Tom Gjelten

Tom Gjelten reports on religion, faith, and belief for NPR News, a beat that encompasses such areas as the changing religious landscape in America, the formation of personal identity, the role of religion in politics, and conflict arising from religious differences. His reporting draws on his many years covering national and international news from posts in Washington and around the world.

In 1986, Gjelten became one of NPR's pioneer foreign correspondents, posted first in Latin America and then in Central Europe. Over the next decade, he covered social and political strife in Central and South America, the first Gulf War, the wars in the former Yugoslavia, and the transitions to democracy in Eastern Europe and the former Soviet Union.

His reporting from Sarajevo from 1992 to 1994 was the basis for his book Sarajevo Daily: A City and Its Newspaper Under Siege (HarperCollins), praised by the New York Times as "a chilling portrayal of a city's slow murder." He is also the author of Professionalism in War Reporting: A Correspondent's View (Carnegie Corporation) and a contributor to Crimes of War: What the Public Should Know (W. W. Norton).

After returning from his overseas assignments, Gjelten covered U.S. diplomacy and military affairs, first from the State Department and then from the Pentagon. He was reporting live from the Pentagon at the moment it was hit on September 11, 2001, and he was NPR's lead Pentagon reporter during the early war in Afghanistan and the invasion of Iraq. Gjelten has also reported extensively from Cuba in recent years. His 2008 book, Bacardi and the Long Fight for Cuba: The Biography of a Cause (Viking), is a unique history of modern Cuba, told through the life and times of the Bacardi rum family. The New York Times selected it as a "Notable Nonfiction Book," and the Washington Post, Kansas City Star, and San Francisco Chronicle all listed it among their "Best Books of 2008." His latest book, A Nation of Nations: A Great American Immigration Story (Simon & Schuster), published in 2015, recounts the impact on America of the 1965 Immigration Act, which officially opened the country's doors to immigrants of color. He has also contributed to The New York Times, The Wall Street Journal, The Washington Post, The Atlantic, and other outlets.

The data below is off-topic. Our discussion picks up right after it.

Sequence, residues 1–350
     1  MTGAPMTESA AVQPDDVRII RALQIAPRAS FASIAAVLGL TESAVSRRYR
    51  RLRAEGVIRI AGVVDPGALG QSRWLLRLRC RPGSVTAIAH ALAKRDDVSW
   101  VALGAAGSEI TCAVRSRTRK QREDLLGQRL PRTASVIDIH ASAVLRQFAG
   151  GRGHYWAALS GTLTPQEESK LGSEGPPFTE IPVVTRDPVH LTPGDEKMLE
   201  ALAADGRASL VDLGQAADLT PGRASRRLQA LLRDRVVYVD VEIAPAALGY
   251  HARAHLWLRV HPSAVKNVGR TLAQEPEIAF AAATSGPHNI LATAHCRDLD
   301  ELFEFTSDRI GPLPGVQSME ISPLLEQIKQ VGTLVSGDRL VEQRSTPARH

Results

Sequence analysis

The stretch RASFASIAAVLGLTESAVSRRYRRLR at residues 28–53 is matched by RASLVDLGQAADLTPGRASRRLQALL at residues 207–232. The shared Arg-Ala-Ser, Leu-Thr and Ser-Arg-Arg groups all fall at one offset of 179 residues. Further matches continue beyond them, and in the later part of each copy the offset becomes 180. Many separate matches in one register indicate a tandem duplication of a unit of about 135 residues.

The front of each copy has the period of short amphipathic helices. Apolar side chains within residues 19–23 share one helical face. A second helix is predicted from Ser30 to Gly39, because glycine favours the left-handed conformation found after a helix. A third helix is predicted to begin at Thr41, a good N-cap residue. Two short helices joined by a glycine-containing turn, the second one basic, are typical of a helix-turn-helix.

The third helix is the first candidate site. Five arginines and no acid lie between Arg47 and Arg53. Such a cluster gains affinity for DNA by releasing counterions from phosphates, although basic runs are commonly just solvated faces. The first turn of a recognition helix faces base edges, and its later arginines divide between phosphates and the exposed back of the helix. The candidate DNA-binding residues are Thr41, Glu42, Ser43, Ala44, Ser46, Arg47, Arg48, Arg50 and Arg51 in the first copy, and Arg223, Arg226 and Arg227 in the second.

Since joining NPR in 1982 as labor and education reporter, Gjelten has won numerous awards for his work, including two Overseas Press Club Awards, a George Polk Award, and a Robert F. Kennedy Journalism Award. He is a member of the Council on Foreign Relations. A graduate of the University of Minnesota, he began his professional career as a public school teacher and freelance writer.

Houses of worship around the country on Friday got a presidential green light to open immediately.

"I call on governors to allow our churches and places of worship to open right now," President Trump said in remarks at the White House. "These are places that hold our society together and keep our people united," he said. "The people are demanding to go to church and synagogue and to their mosque."